<configuration> <configSections> <section name="Arden.Core.Data" type="System.Configuration.NameValueSectionHandler/> <section name="Arden.WEBcnx.Core" type="System.Configuration.NameValueSectionHandler/> <section name="Arden.WEBcnx.Site" type="System.Configuration.NameValueSectionHandler/> </configSections> <Arden.Core.Data> <add key="DataReaderReadChunkSize" value="65535"></add> </Arden.Core.Data> <Arden.WEBcnx.Core> <add key="PublicSitesColumnName" value="ST_PUBLIC"></add> <add key="nServerLogEnabled" value="true"></add> <add key="ApplicationName" value="WEBcnx Panther"></add> </Arden.WEBcnx.Core> <Arden.WEBcnx.Workflow> <add key="Enabled" value="true" /> <add key="WebRequestImpactConnectionName" value="" /> <add key="WebRequestWEBcnxLoginID" value="" /> <add key="WebRequestWEBcnxPassword" value="" /> </Arden.WEBcnx.Workflow> <Arden.WEBcnx.Site> <add key="DefaultImpactConnectionName" value="Demo"></add> </Arden.WEBcnx.Site>
There are two options for fixing this problem. If you're unsure what you are doing, please consult a member of the WEBcnx support team.
If the above solution has not resolved your problem, you may have found another cause of this error. Please create a support ticket and describe the problem you're having in as much details as you can. If possible, please supply copies of your web.config for analysis.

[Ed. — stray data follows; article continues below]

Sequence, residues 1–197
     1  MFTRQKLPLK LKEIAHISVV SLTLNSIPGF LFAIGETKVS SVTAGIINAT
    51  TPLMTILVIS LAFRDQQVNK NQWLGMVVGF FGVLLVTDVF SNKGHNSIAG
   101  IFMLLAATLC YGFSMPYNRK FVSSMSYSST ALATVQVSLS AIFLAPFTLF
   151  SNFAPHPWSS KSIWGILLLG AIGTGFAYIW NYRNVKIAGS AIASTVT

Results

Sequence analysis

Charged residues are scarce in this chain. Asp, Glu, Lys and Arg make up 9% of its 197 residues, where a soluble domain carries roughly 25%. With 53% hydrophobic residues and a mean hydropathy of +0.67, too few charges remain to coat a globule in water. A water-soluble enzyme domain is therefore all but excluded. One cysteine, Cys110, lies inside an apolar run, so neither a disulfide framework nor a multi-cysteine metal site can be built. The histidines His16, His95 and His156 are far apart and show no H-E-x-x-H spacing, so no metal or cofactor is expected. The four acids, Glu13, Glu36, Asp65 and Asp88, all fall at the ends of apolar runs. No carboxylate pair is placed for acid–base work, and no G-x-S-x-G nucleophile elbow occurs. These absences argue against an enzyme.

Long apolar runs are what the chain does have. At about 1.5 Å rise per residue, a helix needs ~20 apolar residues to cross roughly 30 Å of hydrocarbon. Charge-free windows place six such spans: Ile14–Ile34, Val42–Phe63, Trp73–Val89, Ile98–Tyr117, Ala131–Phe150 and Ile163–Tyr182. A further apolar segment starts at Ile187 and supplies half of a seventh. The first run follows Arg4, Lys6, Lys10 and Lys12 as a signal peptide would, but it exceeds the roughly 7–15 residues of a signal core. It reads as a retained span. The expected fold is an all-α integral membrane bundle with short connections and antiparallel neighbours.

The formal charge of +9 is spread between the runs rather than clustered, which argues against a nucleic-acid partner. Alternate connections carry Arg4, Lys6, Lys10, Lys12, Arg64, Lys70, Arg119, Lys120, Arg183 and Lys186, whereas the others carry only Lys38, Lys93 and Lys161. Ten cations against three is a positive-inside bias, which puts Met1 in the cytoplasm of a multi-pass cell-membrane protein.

Whenever you view a webpage, you may notice the address starts with http (Hypertext Transfer Protocol). For websites that may use personal or sensitive data, such as your bank or other website you may log into, it's preferable to make these more secure by encrypting data transferred between the client (the web browser you're using) and the server (where the website is installed). This is done using a Secure Sockets Layer (SSL) that is configured on the server. Any website that is secured in this way will display https (Hypertext Transfer Protocol Secure) and display a locked padlock icon on the address bar.
As WEBcnx is an application that users log in to and contains potentially sensitive customer data, it is recommended that you secure it by applying an SSL certificate.
Depending on your needs, there are many different types of SSL certificate options available, all with their unique use cases and value propositions. The level of authentication assured by a Certificate Authority (CA) is a significant differentiator between the types. Each type of certificate requires specific information and documentation, and once that is received, a CA follows a set of Baseline Requirements to complete the certificate verification process before issuance.
There are three recognized categories of SSL certificate types:
Within these authentication types, there are also unique variations available including single domain, multi-domain, and wildcard. Which of these you choose depends on how you wish to configure your domain.